‘Hel-lo’, I yell in the cave, giving in to childish impulse. But the noise does not bounce back as expected. Instead, for eight long seconds, the sound travels down the chamber before fading out in the darkness below. ‘It doesn’t reverberate because the cave goes on for so long,’ says guide Miran Mejak.
A group of us are standing at the highest point of ‘Big Mountain Hall’, well within the gut of Slovenia’s national treasure – Postojna Cave. The length of the place is the first surprise, we’ve travelled more than three kilometres by underground railway to get to this point, but the whole cave system is at least ten times that. The second surprise is its volume. We think of caves as small and cramped – a nightmare for claustrophobes –- but this part of Postojna Jama (Slovenian for ‘cave’) is a cathedral of space. ‘That’s why it’s called the Big Mountain,’ says Mejak. On its ceiling and sides, irregular alcoves appear and extend upwards into darkness. Twists, turns and folds warp perspectives like an MC Escher illusion come to life.
This dark world is surprisingly busy. ‘There are thought to be 150 different species that live in the cave,’ says Mejak. In fact, the cave is so rich in biodiversity, it has become ground zero for a specific branch of science: speleobiology – the study of cave animals. ‘The very first troglobite – an animal that never ventures outside – was found here, the slender-necked beetle,’ says Mejak. However, a larger and more famous troglobite also calls the cave home. A strange, translucent salamander called an olm, or as its known in Slovenia, a ‘baby dragon’. We are here to understand their world and how it is changing.
Postojna Cave is made of limestone, but its illogical shape is entirely shaped by the movement of water. Two million years ago, the Pivka river ran through the great mountain hall, creating the kilometres of chambers. It’s still going elsewhere in the system. ‘The river is always finding new levels,’ says Mejak. ‘It is now 40 metres below us tunnelling a new cave.’ As it moves further into the Earth it leaves behind a course of passages, like a snake shedding its skin. After the river disappeared from this level, a rockfall created the mountain of debris today’s visitors now stand on. After that, the stalagmites would have begun their slow ascent upwards, the stalactites downwards.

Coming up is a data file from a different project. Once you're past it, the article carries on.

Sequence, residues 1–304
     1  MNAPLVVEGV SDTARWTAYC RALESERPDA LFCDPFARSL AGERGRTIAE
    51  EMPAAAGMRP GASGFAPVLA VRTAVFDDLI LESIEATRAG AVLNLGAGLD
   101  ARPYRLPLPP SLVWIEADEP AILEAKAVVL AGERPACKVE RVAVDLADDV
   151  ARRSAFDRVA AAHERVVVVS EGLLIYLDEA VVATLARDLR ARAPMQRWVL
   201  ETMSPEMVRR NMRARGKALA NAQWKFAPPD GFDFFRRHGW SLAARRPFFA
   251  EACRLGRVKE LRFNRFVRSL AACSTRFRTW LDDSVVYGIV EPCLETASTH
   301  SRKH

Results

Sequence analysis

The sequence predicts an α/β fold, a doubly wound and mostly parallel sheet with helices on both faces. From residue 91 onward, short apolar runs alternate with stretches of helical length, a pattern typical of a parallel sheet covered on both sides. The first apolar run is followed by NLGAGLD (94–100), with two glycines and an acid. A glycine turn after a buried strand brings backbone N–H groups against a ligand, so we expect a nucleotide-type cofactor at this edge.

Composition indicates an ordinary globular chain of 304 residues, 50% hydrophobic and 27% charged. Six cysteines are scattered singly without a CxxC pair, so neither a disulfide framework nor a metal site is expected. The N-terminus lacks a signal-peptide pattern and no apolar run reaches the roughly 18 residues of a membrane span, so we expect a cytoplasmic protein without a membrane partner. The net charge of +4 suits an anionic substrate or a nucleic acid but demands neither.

The cave formations alone are a sight to behold. Some look like spun sugar, others are folded into Vienetta-style crinkles. The food comparisons are shared among our whole group: there’s ‘streaky bacon’ for pink and white ripples of rock and ‘stiff peaks’ for a group of small stalagmites that look as though they’ve been recently whipped up with a fork. There are fine, spaghetti-like strands that cover whole ceilings and rooms with what look like walls of melted chocolate. As a whole, the cave has the look of being half-baked, a place still in the process of very slow metamorphosis. ‘The stalagmites grow at a pace of one millimetre every 40 years,’ says Mejak. Some of the columns here are as tall as buildings putting them at least a million years old.
‘Once the river has left a cavern, it is really the rainfall that makes everything,’ says Mejak. ‘The rain falling to the ground above us, encounters the soil for the first time, soil that is rich with CO2, creating a carbonic acid when mixed with water.’ Such acid would be weak enough to drink, but strong enough to slowly dissolve through the 90 metres of limestone above our heads. The water reaches the ceiling of the cave, then waits for a moment before dropping to the floor, leaving behind a speck of calcite. The calcite forms the stalactites on the cave’s ceiling and the stalagmites on the cave floor. An upper and lower jaw closing at the pace of aeons.
It is cold in the cave, but the colours are warm. ‘The natural colour of the limestone is clear, however, it reflects the colour of the minerals in the soil above us,’ says Mejak, ‘iron for the red and oranges.’ Occasionally there are pure white limestone formations that are translucent under the light. They are reminiscent of the strange see-through creatures that rule this underworld.
THE ODD LIFE OF OLMS
‘They already know that you are here,’ says Primoz Gnezda, a speleobiologist and cave researcher. It’s unsettling. The animals, which are waiting in a group in the corner of a dark, glass tank behind him are almost completely blind. There are a dozen or so, all long, white bodies and tiny limbs, their snub noses raised in waiting. A group of proteus anguinus – olms – or as they are known in Slovenia, ‘baby dragons’.